assistant professor of medicine at the University of Wisconsin Hospitals and Clinics in Madison, Wisconsin.
James Knickman, Ph.D.,†* is the president and chief executive officer of the New York State Health Foundation (NYSHealth), a private foundation dedicated to improving the health of all New Yorkers. Under Dr. Knickman’s leadership, NYSHealth has invested more than $85 million since 2006 in initiatives to improve health care and the public health system in New York State. Today, the foundation focuses its efforts in three priority areas: reducing the number of New Yorkers without health insurance coverage, improving the prevention and management of diabetes, and advance primary care to develop innovative approaches and meet growing demand. Immediately prior to joining the foundation, Dr. Knickman was the vice president of research and evaluation at the Robert Wood Johnson Foundation in Princeton, New Jersey. Between 1976 and 1992, he served on the faculty of New York University’s Robert F. Wagner Graduate School of Public Service; earlier, he worked at the New York City Office of Management and Budget. Dr. Knickman serves as a board member of the Center for Effective Philanthropy in Cambridge, Massachusetts; the National Council on Aging in Washington, DC; and Philanthropy New York, in New York City. He is a past chair of the New Jersey Department of Health’s Cardiac Health Advisory Council, a past board member of AcademyHealth in Washington, DC, a past board member of the New York Catholic Health Care System, and a past board member of the Robert Wood Johnson Foundation Health System in New Brunswick, New Jersey. Dr. Knickman received a bachelor of arts degree in sociology and psychology from Fordham University and his Ph.D. in public policy analysis from the University of Pennsylvania.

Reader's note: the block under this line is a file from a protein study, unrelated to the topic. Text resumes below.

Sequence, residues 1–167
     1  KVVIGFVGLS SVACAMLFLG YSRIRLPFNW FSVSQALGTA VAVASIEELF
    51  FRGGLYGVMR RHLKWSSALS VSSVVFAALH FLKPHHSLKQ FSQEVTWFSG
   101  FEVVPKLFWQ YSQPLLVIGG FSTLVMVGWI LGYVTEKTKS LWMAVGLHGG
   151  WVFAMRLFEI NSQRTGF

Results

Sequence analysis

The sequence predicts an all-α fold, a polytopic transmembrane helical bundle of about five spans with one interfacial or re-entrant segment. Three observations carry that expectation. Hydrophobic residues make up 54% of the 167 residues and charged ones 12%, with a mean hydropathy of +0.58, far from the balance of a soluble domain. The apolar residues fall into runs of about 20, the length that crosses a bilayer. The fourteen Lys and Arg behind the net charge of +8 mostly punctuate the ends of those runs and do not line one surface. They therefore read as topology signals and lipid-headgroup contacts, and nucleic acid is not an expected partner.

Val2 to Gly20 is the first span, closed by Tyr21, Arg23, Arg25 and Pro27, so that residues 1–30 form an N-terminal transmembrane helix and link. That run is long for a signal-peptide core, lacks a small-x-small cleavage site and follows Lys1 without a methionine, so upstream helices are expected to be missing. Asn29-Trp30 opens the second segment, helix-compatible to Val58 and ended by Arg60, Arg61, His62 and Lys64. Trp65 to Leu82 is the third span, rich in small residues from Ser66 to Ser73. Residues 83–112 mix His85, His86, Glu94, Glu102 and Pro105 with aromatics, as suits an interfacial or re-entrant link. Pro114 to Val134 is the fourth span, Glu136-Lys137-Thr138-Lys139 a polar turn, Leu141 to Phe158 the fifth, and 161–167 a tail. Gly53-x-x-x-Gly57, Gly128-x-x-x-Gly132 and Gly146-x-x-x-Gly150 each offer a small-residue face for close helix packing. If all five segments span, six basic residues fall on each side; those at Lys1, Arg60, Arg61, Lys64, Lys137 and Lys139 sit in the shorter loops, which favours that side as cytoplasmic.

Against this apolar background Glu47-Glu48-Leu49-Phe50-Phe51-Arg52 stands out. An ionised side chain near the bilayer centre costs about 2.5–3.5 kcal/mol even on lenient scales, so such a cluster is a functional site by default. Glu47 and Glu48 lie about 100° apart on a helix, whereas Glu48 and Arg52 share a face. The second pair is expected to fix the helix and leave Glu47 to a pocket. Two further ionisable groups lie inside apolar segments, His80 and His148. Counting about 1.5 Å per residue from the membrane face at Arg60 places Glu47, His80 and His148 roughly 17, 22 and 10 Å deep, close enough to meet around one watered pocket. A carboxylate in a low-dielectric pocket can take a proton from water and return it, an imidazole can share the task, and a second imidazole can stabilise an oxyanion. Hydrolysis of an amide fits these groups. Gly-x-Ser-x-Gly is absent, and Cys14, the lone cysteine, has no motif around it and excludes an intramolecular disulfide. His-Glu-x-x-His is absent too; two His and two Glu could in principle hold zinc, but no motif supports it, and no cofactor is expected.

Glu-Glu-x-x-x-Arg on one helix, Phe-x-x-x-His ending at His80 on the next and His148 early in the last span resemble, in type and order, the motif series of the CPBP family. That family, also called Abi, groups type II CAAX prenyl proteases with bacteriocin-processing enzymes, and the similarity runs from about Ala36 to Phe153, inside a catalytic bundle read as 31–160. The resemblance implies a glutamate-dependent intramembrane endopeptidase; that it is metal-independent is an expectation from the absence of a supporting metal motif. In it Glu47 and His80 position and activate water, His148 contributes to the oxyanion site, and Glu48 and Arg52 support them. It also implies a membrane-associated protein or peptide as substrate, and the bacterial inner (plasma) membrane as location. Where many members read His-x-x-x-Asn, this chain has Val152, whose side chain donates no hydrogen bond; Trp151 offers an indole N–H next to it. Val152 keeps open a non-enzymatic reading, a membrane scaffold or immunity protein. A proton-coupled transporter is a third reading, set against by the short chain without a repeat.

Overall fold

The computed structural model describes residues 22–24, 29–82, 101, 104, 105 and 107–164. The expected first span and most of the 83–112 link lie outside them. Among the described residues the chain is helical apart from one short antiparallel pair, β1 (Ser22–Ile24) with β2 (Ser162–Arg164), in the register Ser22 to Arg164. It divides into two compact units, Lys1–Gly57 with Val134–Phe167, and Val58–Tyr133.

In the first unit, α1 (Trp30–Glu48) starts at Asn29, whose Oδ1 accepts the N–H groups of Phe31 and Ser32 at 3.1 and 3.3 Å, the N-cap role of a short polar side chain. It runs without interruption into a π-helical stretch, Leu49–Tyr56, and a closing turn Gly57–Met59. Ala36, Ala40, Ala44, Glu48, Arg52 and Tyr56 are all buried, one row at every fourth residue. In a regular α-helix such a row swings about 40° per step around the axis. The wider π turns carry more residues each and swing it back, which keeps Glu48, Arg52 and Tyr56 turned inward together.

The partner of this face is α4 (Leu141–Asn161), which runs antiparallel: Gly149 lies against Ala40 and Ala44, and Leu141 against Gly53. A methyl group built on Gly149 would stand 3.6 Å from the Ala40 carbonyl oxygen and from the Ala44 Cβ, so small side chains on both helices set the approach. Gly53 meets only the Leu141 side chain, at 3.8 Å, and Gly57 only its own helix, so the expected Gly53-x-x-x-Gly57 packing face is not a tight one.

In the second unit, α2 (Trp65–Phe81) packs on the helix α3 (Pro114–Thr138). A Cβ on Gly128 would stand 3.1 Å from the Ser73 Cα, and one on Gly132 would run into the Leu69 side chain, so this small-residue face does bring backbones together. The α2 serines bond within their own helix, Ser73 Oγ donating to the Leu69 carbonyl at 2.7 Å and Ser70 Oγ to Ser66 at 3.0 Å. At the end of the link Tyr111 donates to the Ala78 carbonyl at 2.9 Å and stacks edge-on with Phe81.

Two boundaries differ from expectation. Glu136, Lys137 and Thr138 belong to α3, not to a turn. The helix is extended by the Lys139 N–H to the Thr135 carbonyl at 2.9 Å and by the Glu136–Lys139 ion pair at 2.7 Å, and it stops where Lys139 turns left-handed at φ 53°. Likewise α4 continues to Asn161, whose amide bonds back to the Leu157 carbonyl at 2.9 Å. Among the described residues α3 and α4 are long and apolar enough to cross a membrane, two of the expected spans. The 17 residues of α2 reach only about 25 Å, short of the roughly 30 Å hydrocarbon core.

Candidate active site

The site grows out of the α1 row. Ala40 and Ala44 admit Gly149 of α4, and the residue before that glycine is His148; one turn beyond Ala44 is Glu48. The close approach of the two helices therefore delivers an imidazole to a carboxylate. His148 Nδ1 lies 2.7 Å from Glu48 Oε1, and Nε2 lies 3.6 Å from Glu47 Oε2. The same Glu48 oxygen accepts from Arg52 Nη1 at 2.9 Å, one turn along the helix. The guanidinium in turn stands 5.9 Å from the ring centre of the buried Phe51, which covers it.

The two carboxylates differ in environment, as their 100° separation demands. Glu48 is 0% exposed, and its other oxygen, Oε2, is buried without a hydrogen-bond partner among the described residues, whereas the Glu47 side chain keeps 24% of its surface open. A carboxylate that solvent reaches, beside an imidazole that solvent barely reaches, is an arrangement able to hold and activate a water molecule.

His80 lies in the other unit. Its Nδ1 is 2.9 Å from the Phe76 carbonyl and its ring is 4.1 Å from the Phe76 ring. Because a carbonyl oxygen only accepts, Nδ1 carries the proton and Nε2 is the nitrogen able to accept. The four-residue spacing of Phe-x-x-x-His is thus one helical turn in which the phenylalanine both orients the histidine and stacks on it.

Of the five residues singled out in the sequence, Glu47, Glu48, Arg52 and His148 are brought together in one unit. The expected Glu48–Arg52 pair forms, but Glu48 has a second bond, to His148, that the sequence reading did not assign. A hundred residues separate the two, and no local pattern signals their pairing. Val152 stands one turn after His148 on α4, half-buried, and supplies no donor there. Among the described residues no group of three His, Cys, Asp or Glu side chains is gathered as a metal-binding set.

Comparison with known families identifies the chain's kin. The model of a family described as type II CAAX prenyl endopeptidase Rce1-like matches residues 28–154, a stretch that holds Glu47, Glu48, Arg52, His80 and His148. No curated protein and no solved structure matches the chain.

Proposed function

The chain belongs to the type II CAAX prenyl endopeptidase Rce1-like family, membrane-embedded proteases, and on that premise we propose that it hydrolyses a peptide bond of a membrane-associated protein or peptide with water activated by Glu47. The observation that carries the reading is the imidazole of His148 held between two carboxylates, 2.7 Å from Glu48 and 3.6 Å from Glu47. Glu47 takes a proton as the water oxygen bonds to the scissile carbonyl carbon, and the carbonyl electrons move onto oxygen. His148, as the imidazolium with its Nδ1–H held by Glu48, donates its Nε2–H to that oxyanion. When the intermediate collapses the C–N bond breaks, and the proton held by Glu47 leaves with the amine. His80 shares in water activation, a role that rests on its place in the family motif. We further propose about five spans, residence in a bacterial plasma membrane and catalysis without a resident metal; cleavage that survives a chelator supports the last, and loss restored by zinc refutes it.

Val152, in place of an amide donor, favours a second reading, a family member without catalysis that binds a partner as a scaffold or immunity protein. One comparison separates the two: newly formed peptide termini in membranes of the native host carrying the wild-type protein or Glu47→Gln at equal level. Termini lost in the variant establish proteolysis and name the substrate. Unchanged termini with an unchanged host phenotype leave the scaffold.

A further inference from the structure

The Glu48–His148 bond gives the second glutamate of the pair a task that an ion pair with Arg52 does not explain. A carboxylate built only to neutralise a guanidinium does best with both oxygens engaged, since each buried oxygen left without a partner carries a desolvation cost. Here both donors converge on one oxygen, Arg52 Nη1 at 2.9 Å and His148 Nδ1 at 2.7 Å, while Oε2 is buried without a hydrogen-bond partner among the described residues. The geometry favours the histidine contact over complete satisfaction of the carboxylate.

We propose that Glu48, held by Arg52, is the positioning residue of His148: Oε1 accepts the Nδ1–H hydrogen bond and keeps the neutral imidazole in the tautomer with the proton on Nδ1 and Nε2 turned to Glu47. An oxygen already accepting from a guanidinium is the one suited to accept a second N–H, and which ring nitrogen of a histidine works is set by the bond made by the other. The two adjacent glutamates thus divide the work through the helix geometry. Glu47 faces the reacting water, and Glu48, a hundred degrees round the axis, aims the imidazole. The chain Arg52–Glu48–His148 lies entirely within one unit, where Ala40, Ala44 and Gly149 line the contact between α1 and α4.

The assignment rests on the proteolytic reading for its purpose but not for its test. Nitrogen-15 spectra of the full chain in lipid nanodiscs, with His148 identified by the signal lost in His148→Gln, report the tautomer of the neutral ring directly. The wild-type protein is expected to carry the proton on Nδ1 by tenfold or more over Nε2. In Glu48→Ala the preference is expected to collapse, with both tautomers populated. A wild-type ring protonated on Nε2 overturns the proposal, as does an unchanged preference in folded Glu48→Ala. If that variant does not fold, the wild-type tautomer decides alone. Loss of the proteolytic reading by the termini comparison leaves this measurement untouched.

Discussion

Alisa May, M.A., is the executive director of Priority Spokane, a think tank with the mission of building a culture of health by focusing community attention on the social and economic factors that influence health (www.priorityspokane.org). Priority Spokane is based at Greater Spokane Incorporated (GSI), a merged chamber of commerce and economic development council, and GSI is an active member of Priority Spokane (www.greaterspokane.org). As executive director, Ms. May led a team of community partners through an extensive application process that resulted in one of only 18 awards for the 2012 Roadmaps to Health grant from the Robert Wood Johnson Foundation (RWJF), and she is the project manager for that grant. Ms. May also led the year-long, rigorous effort that resulted in Spokane County being named one of six winners nationwide for the 2014 RWJF Culture of Health Prize, which is based on collaborative educational efforts with healthy outcomes (http://www.rwjf.org/en/about-